Sustainable cropping systems for dairy farmers in the Northeast, II

Project Overview

Project Type: Research and Education
Funds awarded in 2013: $400,000.00
Projected End Date: 12/31/2016
Region: Northeast
State: Pennsylvania
Project Leader:
Dr. Heather Karsten
The Pennsylvania State University

Annual Reports


  • Agronomic: canola, corn, oats, rye, soybeans, grass (misc. perennial), hay
  • Animal Products: dairy


  • Animal Production: feed/forage, feed formulation, manure management
  • Crop Production: crop rotation, continuous cropping, cover crops, double cropping, intercropping, multiple cropping, no-till, nutrient cycling, organic fertilizers, application rate management, relay cropping, tissue analysis, conservation tillage
  • Education and Training: demonstration, extension, farmer to farmer, on-farm/ranch research, workshop, youth education, technical assistance
  • Energy: bioenergy and biofuels, energy conservation/efficiency, energy use
  • Farm Business Management: whole farm planning, budgets/cost and returns, agricultural finance
  • Natural Resources/Environment: carbon sequestration, biodiversity, habitat enhancement
  • Pest Management: biological control, chemical control, competition, cultural control, economic threshold, field monitoring/scouting, genetic resistance, integrated pest management, mulches - killed, mulches - living, physical control, prevention, smother crops, mulching - vegetative, weed ecology
  • Production Systems: agroecosystems, integrated crop and livestock systems
  • Soil Management: green manures, organic matter, soil analysis, nutrient mineralization, soil chemistry, soil quality/health
  • Sustainable Communities: employment opportunities, sustainability measures

    Proposal abstract:

    Our goal is to develop sustainable dairy cropping systems that minimize environmental impacts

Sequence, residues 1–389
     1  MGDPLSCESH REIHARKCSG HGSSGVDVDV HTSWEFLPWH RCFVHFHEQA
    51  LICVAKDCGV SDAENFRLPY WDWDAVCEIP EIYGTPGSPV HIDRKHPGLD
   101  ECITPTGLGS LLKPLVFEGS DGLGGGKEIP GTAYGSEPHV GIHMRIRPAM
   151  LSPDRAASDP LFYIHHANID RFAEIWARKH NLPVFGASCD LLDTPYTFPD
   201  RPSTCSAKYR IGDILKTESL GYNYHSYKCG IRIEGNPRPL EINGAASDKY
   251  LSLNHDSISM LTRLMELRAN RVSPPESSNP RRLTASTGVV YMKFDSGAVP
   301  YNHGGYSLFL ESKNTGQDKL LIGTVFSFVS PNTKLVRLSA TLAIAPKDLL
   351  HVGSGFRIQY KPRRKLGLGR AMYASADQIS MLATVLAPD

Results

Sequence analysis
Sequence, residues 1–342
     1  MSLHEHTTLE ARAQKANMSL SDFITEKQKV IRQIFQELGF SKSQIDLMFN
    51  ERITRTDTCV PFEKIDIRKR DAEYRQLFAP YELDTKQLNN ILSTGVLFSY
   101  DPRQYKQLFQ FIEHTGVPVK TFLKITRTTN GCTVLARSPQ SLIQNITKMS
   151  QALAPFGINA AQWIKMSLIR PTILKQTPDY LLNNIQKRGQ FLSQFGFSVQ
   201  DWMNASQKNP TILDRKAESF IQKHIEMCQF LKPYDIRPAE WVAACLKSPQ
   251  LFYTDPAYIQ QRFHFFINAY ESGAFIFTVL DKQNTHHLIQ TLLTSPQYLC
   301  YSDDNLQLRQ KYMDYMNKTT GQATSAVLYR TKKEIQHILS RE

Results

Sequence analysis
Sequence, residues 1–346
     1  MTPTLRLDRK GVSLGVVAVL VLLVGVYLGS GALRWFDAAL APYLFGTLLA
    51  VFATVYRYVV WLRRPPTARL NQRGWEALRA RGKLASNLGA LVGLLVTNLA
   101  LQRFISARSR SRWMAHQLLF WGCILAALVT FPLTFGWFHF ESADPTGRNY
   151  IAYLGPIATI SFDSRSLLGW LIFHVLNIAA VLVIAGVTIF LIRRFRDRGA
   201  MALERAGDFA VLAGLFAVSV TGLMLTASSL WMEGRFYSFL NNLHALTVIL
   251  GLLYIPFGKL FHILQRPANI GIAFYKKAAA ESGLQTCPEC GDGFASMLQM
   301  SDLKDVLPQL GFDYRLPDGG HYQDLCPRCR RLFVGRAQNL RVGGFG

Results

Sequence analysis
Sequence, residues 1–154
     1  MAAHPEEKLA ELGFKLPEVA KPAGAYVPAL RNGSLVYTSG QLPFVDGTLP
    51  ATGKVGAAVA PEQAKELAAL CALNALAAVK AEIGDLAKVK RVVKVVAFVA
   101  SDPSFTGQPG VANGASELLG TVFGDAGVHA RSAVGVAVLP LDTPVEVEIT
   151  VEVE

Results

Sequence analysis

and off-farm inputs; and are productive, and profitable. To achieve this goal, we designed
    cropping systems to produce all the forage, feed, and fuel for a 65 cow, 240 acre dairy farm,
    while conserving soil, nutrients, biodiversity, and energy. In spring 2010, we initiated the two
    diverse, 6-year crop rotations that include legumes, perennials, green manure and cover crops,
    no-till, and canola, and a straight vegetable oil tractor using farm-scale equipment at 1/20th scale
    on 12 acres of Penn State’s Agronomy Research Farm. Within each crop rotation we are
    evaluating innovative management practices to address key issues: i. manure management with
    shallow-disk manure injection; and ii. weed management with reduced herbicide use, with
    cultural and mechanical integrated weed management practices. We are also evaluating strategies
    for canola production, and insect and slug pest management, and included a conventionally managed,
    corn-soybean rotation on 2 acres for research comparisons. Using the crop yield and
    quality, and a dairy nutrition model, we simulate the dairy herd’s milk production. To identify

    system benefits, trade-offs, and opportunities to improve practices, we are evaluating multiple
    performance indicators: crop yield and quality, soil health, nutrient conservation, greenhouse gas
    emissions, weed and insect populations; energy use and production, and farm profitability. We
    have identified system benefits and opportunities to improve them, and will evaluate the new
    practices and the long-term performance of the systems over the next three years. We are also
    leveraging this project for additional research funds to advance sustainable agriculture research
    & education. Through scientific and educational outreach publications and activities, we will
    share the project results with diverse audiences to promote the advancement and adoption of
    innovative sustainable agricultural practices for dairy, livestock and crop farmers.

    Performance targets from proposal:

    There are two major objectives of this project: i. to identify how to enhance the sustainability of dairy cropping systems and dairy farms in the Northeast by integrating best management practices with innovative practices and technologies, ii. to promote adoption of the cropping system practices by farmers.

    Any opinions, findings, conclusions, or recommendations expressed in this publication are those of the author(s) and do not necessarily reflect the view of the U.S. Department of Agriculture or SARE.